Herpes simplex virus type 2 seropositivity and relationship status among U.S. adults age 20 to 49: a population-based analysis
Epidemiology & Biostatistics, Schulich School of Medicine & Dentistry, The University of Western Ontario, London, Ontario, Canada
BMC Infectious Diseases 2010, 10:359 doi:10.1186/1471-2334-10-359Published: 22 December 2010
U.S. population studies show herpes simplex virus type 2 (HSV-2) seroprevalence levelling by approximately age 30, suggesting few new infections after that age. It is unclear whether this pattern is driven by greater percentages in stable relationships, and to what extent adults who initiate new relationships may be at risk of incident HSV-2 infection.
Survey and laboratory data from the 1999-2008 waves of the U.S. National Health and Nutrition Examination Survey (NHANES) were combined for 12,862 adults age 20-49. Weighted population estimates of self-reported genital herpes, HSV-2 seroprevalence, and past-year sexual history were calculated, stratified by age, sex, race, and relationship status. Multivariable logistic regression was used to assess whether relationship status provided additional information in predicting HSV-2 over age, race and sex, and whether any such associations could be accounted for through differences in lifetime number of sex partners.
Those who were unpartnered had higher HSV-2 prevalence than those who were married/cohabitating. Among unpartnered 45-49 year olds, seroprevalence was 55.3% in women and 25.7% in men. Those who were married/cohabitating were more likely to have had a past-year sex partner, and less likely to have had two or more partners. The effect of age in increasing the odds of HSV-2 was modified by race, with higher HSV-2 prevalence among Black Americans established by age 20-24 years, and the effect of race decreasing from age 30 to 49. Relationship status remained an independent predictor of HSV-2 when controlling for age, race, and sex among those age 30 to 49; married/cohabitating status was protective for HSV-2 in this group (OR = 0.69)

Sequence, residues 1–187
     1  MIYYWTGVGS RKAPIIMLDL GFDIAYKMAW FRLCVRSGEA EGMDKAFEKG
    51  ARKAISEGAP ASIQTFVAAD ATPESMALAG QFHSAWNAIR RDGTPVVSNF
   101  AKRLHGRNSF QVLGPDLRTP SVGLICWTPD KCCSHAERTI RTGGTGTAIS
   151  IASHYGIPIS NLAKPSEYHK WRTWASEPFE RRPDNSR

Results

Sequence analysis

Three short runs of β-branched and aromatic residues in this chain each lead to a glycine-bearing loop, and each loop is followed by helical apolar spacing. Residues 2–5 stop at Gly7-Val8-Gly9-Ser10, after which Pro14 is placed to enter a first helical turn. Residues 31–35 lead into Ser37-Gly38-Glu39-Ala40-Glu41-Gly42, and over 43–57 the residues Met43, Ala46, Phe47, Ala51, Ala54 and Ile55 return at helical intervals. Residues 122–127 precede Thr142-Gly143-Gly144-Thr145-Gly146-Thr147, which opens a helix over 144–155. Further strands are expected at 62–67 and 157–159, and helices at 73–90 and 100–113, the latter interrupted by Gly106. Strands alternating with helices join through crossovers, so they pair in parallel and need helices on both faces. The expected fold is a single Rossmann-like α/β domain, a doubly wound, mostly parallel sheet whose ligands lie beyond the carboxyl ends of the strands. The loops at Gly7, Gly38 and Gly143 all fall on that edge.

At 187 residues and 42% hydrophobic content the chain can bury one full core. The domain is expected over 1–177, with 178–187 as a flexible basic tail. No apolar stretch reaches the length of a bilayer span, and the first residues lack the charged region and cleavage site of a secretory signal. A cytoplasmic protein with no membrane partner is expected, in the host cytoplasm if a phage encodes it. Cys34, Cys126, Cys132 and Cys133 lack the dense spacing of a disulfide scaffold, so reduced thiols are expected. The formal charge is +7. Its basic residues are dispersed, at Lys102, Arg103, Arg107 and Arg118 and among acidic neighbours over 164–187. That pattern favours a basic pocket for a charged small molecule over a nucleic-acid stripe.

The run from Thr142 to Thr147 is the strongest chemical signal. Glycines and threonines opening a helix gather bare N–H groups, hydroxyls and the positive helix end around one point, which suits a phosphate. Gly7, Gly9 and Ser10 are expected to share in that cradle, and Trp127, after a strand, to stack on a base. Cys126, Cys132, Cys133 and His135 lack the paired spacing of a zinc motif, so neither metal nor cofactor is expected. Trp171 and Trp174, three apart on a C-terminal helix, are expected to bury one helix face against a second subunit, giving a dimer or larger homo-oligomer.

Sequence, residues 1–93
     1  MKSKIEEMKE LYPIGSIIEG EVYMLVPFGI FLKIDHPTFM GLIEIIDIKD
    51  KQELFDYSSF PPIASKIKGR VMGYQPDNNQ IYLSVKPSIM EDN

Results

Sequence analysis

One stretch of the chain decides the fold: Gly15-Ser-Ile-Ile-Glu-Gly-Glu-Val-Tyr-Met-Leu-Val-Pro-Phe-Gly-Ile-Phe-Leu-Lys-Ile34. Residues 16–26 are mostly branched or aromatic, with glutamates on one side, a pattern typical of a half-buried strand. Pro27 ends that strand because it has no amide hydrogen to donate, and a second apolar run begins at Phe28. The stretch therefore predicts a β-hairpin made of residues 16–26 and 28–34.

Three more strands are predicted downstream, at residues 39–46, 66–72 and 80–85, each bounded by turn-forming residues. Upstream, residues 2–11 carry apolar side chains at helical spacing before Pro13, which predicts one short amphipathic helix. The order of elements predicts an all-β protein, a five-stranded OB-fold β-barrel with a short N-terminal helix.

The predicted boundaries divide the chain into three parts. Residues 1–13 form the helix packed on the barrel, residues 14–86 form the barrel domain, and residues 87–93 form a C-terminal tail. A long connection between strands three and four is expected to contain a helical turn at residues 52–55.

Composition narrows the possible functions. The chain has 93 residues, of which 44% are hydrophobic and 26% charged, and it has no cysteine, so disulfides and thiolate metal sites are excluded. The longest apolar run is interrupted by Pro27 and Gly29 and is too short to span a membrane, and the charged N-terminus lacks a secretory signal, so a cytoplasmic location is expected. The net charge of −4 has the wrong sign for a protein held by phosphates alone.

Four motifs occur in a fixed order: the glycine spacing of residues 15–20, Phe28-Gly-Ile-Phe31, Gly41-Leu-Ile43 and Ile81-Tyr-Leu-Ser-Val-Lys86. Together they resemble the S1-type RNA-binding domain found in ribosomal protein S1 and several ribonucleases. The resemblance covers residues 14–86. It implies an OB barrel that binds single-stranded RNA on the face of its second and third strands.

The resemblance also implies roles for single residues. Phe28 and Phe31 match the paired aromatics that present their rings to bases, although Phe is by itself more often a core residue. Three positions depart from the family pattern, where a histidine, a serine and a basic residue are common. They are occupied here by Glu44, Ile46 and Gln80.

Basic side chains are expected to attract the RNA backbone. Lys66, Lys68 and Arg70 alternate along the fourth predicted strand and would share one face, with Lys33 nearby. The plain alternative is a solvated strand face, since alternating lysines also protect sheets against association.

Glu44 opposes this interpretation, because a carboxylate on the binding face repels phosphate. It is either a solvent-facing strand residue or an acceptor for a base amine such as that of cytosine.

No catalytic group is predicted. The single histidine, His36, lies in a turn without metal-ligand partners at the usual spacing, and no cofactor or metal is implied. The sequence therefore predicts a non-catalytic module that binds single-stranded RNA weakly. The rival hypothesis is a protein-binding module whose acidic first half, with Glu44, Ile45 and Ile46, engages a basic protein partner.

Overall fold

Whereas sexually transmitted infections are often perceived as issues for young adults and specific high-risk groups, the chronic nature of HSV-2 results in accumulation of prevalence with age, especially among those not in married/cohabitating relationships. Increased odds of HSV-2 with age did not correspond with increases in self-reported genital herpes, which remained low. Adults who initiate new relationships should be aware of HSV-2 in order to better recognize its symptoms and prevent transmission.